PropitiationContinue reading “Christ’s Death”
A look at life from a pastor's point of view
PropitiationContinue reading “Christ’s Death”
There’s something about death that has a way of putting things into perspective.Continue reading “Death Reviewed”
Several years ago, I heard that question posed and answered this way, “What is this world coming to? This world is coming to Jesus!”
Therefore, God also has highly exalted Him and given Him the name which is above every name, that at the name of Jesus every knee should bow, of those in heaven, and of those on earth, and of those under the earth, and that every tongue should confess that Jesus Christ is Lord, to the glory of God the Father. (Philippians 2:9-11)
Indeed, the day in coming when the saints and angels in heaven, everyone on earth, and the devil, his hosts and those in hell below, will bow before Jesus Christ and acknowledge Him as Lord, as Savior, as King, as Sovereign over the universe and mankind.
The above stated question is also asked by many believers day-after-day. The answer is the same.
No matter the craziness, chaos, perplexities, or “jaw-dropping-moments” of life, the preeminent response is always “come to Jesus” (Matthew 11:28-30).
Open your Bible. Look into the face of Christ. He gives you saving and sanctifying rest as you learn from Him through meditation and memorization. This exchanges the human viewpoint of life with divine viewpoint that “sets you free” (John 8:31-32) and appropriates the peace of God which will rule in your heart (Colossians 3:15).
Now may the Lord of peace himself give you peace at all times in every way. (2 Thessalonians 3:16)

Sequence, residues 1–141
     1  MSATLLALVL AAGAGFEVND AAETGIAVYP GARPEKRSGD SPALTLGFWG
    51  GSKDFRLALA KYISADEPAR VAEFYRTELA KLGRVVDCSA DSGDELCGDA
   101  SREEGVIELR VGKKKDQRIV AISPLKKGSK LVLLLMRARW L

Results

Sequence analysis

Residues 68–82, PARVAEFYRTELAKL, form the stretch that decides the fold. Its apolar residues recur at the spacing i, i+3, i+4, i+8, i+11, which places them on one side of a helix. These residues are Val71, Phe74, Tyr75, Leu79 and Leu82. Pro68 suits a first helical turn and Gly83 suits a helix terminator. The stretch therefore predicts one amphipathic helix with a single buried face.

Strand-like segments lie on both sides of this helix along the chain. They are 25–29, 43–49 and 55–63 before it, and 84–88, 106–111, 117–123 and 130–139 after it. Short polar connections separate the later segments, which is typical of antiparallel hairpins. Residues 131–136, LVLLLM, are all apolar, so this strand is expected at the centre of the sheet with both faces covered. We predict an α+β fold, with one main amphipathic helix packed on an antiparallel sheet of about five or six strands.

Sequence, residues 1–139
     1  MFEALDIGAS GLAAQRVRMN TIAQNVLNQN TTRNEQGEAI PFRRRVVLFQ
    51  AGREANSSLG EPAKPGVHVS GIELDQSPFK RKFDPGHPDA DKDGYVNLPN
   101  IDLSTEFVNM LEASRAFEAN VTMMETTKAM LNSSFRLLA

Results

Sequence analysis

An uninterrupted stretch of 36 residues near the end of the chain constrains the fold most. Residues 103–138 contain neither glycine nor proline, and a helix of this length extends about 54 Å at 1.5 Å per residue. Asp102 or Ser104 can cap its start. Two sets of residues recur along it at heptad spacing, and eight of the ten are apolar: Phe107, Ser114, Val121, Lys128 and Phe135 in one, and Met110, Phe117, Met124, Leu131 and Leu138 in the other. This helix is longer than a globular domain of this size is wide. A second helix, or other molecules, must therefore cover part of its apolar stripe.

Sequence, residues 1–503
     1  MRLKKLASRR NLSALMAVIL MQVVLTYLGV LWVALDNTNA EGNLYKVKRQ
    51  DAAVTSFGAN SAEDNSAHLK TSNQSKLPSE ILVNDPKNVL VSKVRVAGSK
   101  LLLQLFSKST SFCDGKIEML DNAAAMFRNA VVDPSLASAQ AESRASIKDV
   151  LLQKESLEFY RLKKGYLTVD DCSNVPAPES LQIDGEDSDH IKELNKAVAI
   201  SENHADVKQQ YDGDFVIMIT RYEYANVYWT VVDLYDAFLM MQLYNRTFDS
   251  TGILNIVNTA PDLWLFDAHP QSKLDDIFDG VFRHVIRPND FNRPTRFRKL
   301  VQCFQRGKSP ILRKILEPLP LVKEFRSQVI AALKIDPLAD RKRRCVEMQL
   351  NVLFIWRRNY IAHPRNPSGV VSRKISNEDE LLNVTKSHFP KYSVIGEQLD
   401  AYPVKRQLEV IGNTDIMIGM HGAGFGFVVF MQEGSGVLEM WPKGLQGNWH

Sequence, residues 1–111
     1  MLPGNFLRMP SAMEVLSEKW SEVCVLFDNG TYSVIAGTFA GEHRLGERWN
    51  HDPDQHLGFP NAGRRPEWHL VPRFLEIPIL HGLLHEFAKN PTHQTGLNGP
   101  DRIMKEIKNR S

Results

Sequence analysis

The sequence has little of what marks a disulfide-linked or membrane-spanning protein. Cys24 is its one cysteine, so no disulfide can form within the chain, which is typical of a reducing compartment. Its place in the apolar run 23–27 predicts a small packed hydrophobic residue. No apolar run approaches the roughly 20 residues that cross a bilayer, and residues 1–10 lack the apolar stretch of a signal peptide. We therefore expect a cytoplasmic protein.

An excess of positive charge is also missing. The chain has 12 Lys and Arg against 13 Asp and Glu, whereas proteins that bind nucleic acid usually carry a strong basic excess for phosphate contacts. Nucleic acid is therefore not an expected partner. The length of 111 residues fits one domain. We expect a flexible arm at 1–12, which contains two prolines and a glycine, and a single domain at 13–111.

RIP . . . you see this attached to a social media post almost every day. The sentiment is there, but do we really know what RIP means? Do we know what we are saying? What’s its origin? Is it a blanket statement for all deaths?
Wikipedia says, “’Rest in peace’ (Latin: Requiescat in pace) is a short epitaph or idiomatic expression wishing eternal rest and peace to someone who has died. The expression typically appears on headstones, often abbreviated as R.I.P. or RIP. The phrase was not found on tombstones before the eighth century. It became ubiquitous on the tombs of Christians in the 18th century, and for High Church Anglicans, as well as Roman Catholics in particular, it was a prayerful request that their soul should find peace in the afterlife.”
Of the questions in the first paragraph, I think the last one is the most important one.
Can we say RIP for every death?
For all who die in Christ as a true born again believer, yes; for all who choose to reject Christ’s offer of salvation; no.
The parable of the rich man and Lazarus give us a good answer (Luke 16:19-31). For the rich man, he is in the place of torment, apart from God, as is the current state of all unbelievers. For Lazarus, he is in Paradise just as Jesus said to the thief on the cross, “Today, you will be with Me in Paradise” (Luke 23:43). Another comforting truth for believers is found in 2 Corinthians 5:8 which assures us that we are immediately in the presence of the Lord upon death.
So, do unbelievers rest in peace? Peace nor rest can be found in a place of torment. Furthermore, to randomly attach RIP to someone that you are uncertain of their eternal state is careless.
The worst tragedy today is that unsaved people around the world died and entered into eternal torment. The greatest blessing for believers today is that many around the world entered into eternal rest, joy, and peace in the presence of Christ.
So, could RIP be placed on your tombstone with complete certainty?
If you are not truly born again, a genuine follower of the Lord Jesus Christ, would you take time to watch the following video? It will mean the difference between RIP or LITF (Living in Torment Forever).
Please don’t take death and eternity lightly!
Having held my lifeless stillborn daughter in my arms almost 35 years ago can bring a rising level of emotions to my heart when I consider the current scenario being played out in the SCOTUS Roe v. Wade “leak” and upcoming ruling.